(For Bloomberg fair value curves, see CFVL <GO>)
Feb. 24 (Bloomberg) -- West Texas Intermediate reversed earlier gains on concern demand in emerging markets may slow after a Chinese state-owned newspaper said some banks curbed loans to developers in the world’s second-biggest oil user.
WTI futures traded near their lowest closing level in a week in New York, after erasing an earlier gain of 0.5 percent. Brent futures reversed an increase of 0.4 percent in London.
Industrial Bank Co. and other unidentified lenders have curbed loans to the property sector and related industries such as steel and cement, Shanghai Securities News reported. Prices advanced earlier on forecasts that arctic air will return to the U.S. Northeast and Midwest this week, bolstering demand for heating fuel in the world’s largest oil consumer.
“Risk appetite remains limited,” said Myrto Sokou, senior analyst at Sucden Financial Ltd. London. “Investors remain cautious regarding the prospects of the emerging markets.”
WTI for April delivery traded 9 cents lower at $102.11 a barrel in electronic trading on the New York Mercantile Exchange at 1:08 p.m. London time, having earlier climbed to $102.70. The contract dropped to $102.20 on Feb. 21, the lowest close since Feb. 14. The volume of all futures traded was about 24 percent below the 100-day average. Prices are up 3.8 percent this year.
Brent for April settlement slipped as much as 35 cents, or 0.3 percent, to $109.50 a barrel on the London-based ICE Futures Europe exchange. The European benchmark crude was at a premium of $7.55 to WTI, according to contracts traded on ICE. The spread closed at $7.65 on Feb. 21, widening for the first time in a week.
China’s central bank singled out property developers this month as one of three types of borrowers most at risk as authorities seek to tame debt that the Chinese Academy of Social Sciences estimates at 215 percent of gross domestic product. The country’s benchmark stock index fell to its biggest loss in seven weeks today amid speculation that reduced lending to the real estate industry will curb growth in the world’s second- largest economy.
WTI advanced the past six weeks, the longest rising streak in a year, as crude inventories at Cushing, Oklahoma, shrank and cold weather bolstered fuel demand. Another blast of freezing air is forecast for the central and eastern U.S. this week as two storms threaten to bring snow to the Northeast, according to the National Weather Service.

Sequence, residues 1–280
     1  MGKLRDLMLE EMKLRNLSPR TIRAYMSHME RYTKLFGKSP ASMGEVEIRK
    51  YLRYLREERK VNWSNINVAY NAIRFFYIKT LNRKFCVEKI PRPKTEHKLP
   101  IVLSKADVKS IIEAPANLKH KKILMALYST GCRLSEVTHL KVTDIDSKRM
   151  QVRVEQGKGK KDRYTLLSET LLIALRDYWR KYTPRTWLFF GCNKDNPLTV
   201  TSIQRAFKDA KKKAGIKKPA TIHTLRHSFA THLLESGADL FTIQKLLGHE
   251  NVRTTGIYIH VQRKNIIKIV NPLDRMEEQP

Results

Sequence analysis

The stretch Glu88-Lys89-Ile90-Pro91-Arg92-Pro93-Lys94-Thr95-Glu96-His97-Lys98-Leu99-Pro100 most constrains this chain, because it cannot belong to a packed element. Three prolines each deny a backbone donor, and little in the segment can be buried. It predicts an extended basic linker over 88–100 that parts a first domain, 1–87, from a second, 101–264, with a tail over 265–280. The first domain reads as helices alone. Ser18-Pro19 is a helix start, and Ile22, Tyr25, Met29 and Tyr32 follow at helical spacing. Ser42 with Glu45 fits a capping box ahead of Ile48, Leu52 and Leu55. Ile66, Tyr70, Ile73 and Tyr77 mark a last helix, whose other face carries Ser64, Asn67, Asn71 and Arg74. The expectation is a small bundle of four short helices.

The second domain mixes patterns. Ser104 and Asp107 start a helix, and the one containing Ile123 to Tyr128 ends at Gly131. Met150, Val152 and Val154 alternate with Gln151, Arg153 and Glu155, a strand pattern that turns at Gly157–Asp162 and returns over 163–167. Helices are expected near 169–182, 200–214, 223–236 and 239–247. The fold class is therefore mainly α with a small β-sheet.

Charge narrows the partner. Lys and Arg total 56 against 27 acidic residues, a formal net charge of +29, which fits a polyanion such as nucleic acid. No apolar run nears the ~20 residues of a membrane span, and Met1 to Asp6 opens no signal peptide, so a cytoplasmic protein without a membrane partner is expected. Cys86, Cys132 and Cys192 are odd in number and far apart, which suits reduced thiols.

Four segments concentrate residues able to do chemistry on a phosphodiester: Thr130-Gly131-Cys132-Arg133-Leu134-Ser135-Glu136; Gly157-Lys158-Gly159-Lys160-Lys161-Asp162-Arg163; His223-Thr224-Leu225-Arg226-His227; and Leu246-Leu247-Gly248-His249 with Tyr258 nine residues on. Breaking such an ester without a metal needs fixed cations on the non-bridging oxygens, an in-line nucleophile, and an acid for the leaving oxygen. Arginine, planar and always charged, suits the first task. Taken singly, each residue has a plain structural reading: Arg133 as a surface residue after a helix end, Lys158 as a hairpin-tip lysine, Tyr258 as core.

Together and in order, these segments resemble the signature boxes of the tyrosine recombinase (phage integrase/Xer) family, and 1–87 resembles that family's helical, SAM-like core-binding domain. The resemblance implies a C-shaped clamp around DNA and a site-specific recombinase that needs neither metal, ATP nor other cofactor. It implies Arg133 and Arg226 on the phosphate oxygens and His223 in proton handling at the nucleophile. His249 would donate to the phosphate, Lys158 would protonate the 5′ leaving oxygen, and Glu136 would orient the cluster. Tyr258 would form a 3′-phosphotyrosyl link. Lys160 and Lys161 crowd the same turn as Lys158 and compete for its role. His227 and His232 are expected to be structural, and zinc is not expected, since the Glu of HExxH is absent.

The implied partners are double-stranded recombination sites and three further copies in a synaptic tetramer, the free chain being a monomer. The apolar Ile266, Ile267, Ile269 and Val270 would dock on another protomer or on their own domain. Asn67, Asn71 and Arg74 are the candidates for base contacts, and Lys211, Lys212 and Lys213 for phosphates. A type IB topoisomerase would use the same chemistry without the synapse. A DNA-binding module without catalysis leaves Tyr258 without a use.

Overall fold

Crude stockpiles at Cushing, the delivery point for WTI contracts, fell to their lowest level since October in the seven days through Feb. 14, government data show.
“Simply put, there is now more going out of Cushing than there is coming in,” said Guy Wolf, global head of market analytics at Marex Spectron Group in London, said by e-mail. “A lot of supply infrastructure was contracted to ship crude out of Cushing to other, higher-priced areas. It is still economic to do so as WTI still trades at a discount.”
The opening of the southern portion of TransCanada Corp.’s Keystone XL pipeline in January is easing a supply bottleneck in the central U.S. Stockpiles at Cushing declined by 1.73 million barrels to 35.9 million in the period ended Feb. 14, the Energy Information Administration reported last week. Crude inventories nationwide expanded by 973,000 barrels to 362.3 million.
Money managers increased bullish bets on WTI for the fifth time in six weeks, the Commodity Futures Trading Commission said. Hedge funds and other large speculators raised wagers on higher WTI prices by 25,836 futures and options combined, an 8.4 percent increase to 331,857 in the week ended Feb. 18, the CFTC said in its weekly report on Feb. 21. That’s the highest level since July last year.
Money managers raised net-long positions on Brent crude to the highest level in seven weeks, according to data from ICE Futures Europe. Speculative bets that prices will rise, in futures and options combined, outnumbered short positions by 121,707 lots in the week ended Feb. 18, the London-based exchange said today.
--With assistance from Ann Koh in Singapore. Editors: James Herron, Alaric Nightingale